15 Chapter 10 Annual and Perennial Flowers 197 (a) (b) (c) (d) Figure 4. Staking plants: (a) and (b) Plants are tied too tightly. (c) and (d) It is better to tie the principal branches loosely. and improve the bed s appearance. Do not cover a perennial plant s crown (the central growing area above the roots) with mulch, but bring it up to the edge of the crown. In fall, some gardeners mulch with branches, weed-free straw or leaves for winter protection once the ground has frozen. A winter mulch protects perennials from freeze/thaw cycles that are common in parts of Alaska. Pull mulch off plants in early spring when weather warms, allowing new plant growth to emerge. Staking Many tall herbaceous flowering plants must be staked or provided with another support system, especially in windy and exposed areas. Delphiniums may reach 8 feet with heavy stalks of bloom. Lilies, as well as some dahlias, also require support. Wind, rain or the weight of foliage and blossoms will bend or break these plants stems and ruin the display. Many short perennials, such as peonies, require support to keep flower heads upright. A plant that flops over onto adjoining plants may smother its neighbors and can destroy a garden s attractiveness. Commercial systems such as grates with legs work fine, but you also can improvise supports from bamboo stakes, twigs or branches. Choose staking material about 6 inches shorter than the plant s ultimate height. Whatever method you use, put support systems in place while plants are small and tie plants loosely to the stake as they grow (Figure 4). Rapid growth will hide the stakes, wire or string. Deadheading Regular maintenance for annuals includes removing flowers before they go to seed. This process is called deadheading. By preventing seed formation, you can extend the bloom period on many annuals, such as pansies, marigold and petunias. Deadheading perennials is a different story. Deadheading does not prolong the bloom period for most perennials, but it can improve a garden s appearance. There are a few early bloomers, such as Trollius, that may produce a second flush of flowers if spent flowers are removed. Some gardeners prefer to leave seed-heads standing for the birds. Others find the dried flower heads of ornamental grasses attractive. Plants such as dahlias produce larger flowers if disbudded. A stalk may have five or six buds. To disbud, snap off all but one or two on each stem.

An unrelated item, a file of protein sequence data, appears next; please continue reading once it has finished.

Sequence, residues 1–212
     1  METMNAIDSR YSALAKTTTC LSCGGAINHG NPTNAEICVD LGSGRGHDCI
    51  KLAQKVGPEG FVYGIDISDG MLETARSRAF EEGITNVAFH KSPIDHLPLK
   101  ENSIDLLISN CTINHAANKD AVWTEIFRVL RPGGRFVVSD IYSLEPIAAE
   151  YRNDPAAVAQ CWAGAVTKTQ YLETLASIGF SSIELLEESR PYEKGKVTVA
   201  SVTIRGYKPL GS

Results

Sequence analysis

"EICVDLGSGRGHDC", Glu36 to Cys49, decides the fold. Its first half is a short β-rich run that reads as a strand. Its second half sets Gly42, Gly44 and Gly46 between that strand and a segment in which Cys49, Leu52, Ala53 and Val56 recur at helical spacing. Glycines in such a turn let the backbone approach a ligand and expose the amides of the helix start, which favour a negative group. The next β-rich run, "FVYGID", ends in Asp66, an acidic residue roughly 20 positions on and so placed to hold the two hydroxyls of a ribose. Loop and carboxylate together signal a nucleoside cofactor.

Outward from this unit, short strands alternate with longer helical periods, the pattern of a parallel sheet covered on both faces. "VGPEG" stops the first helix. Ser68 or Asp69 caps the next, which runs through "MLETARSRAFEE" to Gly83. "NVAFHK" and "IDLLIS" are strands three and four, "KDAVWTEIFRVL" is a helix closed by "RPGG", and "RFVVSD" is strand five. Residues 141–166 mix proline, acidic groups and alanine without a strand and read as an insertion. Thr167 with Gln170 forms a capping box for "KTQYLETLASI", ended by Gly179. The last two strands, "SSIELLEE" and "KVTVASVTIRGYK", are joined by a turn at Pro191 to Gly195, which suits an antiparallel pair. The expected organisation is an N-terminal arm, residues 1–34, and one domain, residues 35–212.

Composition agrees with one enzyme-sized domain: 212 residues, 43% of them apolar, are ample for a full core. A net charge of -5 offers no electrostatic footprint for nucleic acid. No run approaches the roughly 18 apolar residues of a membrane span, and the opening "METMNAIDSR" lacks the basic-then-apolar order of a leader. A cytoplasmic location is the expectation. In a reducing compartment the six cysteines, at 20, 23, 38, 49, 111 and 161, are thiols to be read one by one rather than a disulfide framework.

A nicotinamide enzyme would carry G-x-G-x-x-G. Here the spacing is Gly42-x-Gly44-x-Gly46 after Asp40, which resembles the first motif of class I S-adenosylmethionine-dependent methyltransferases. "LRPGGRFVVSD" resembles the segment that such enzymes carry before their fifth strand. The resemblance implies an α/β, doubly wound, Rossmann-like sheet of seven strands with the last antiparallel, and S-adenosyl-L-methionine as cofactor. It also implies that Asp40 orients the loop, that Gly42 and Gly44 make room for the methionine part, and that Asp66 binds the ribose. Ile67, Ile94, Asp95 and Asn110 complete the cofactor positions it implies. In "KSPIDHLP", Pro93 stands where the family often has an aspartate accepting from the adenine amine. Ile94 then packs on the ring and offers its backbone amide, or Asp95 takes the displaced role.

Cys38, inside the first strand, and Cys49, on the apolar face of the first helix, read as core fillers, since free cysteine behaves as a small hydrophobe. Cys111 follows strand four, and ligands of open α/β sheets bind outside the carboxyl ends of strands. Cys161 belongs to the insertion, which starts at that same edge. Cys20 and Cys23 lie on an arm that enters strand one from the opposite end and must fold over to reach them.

16 198 Annual and Perennial Flowers Chapter 10 Fall cleanup Late fall maintenance generally includes cutting back dead stems of herbaceous perennials to 2 4 inches and pulling out or cutting back annuals after they are killed by frost. Some gardeners leave seed heads for birds or for fall and early winter interest. Pest management All flower gardens eventually have some pests or diseases. Learn to use the principles of integrated pest management and concentrate on growing healthy plants. Strong plants are able to resist disease and insect problems better than those that are weak. The following practices reduce disease infestations and cut down on hiding places for insects and other pests such as slugs. Space plants properly to allow good air circulation. Clean up litter and dead leaves. Control weeds. Several diseases commonly affect annuals, bulbs and herbaceous perennials. Powdery mildew attacks delphiniums, tuberous begonias, roses and many other flowering plants. When severe, it produces a gray, fuzzy coating on leaves and blossoms. Pruning out diseased plant parts can help control this disease. White mold, Sclerotina, is starting to become common in Alaska flower gardens. This disease can cause a complete meltdown on highly susceptible plants such as petunias, lobelia and Iceland poppies. Affected plants will often exhibit a bright white fungus growing out of cracked stems. Inside the mass of white mycelium, black, seed-like sclerotia are formed. These over-wintering structures fall to the soil and are the source of next year s infection. Remove affected plant material from the garden immediately. Biological control of white mold is being researched in Alaska. Gray mold, Botrytis, can be troublesome on just about any plant. It affects aboveground plant parts, resulting in die-back. In some situations a gray, fuzzy mold will be present. Botrytis can be devastating to lilies and peonies. Good air circulation is critical in preventing gray mold. Whenever possible, choose disease-resistant cultivars. Many new cultivars are being developed for resistance to common fungal problems. Insects can damage a wide variety of flowers. Learn the life cycles of these garden pests and use broad-spectrum insecticides as little as possible to protect the beneficial insects. Aphids have many natural enemies, including lady beetles, lacewings, wasps and birds. Whenever possible, use organic-based products, such as insecticidal soap, to control pest problems. Slugs are most damaging to plants midto late season. Hand picking, trapping and selective use of baits can help you manage them. Organic baits, such as beer poured in a shallow dish, can be very effective. Slugs are drawn to the beer, fall in and drown. Iron phosphate baits are also effective. Caterpillars, such as the delphinium defoliator, need to be controlled early in the season. Bacillus thurengiensis is a biological pesticide that can be appliedas soon as caterpillars start feeding. Check your delphiniums for signs of the pest as soon as they start emerging. Identifying the problem is the first step in an integrated pest management program.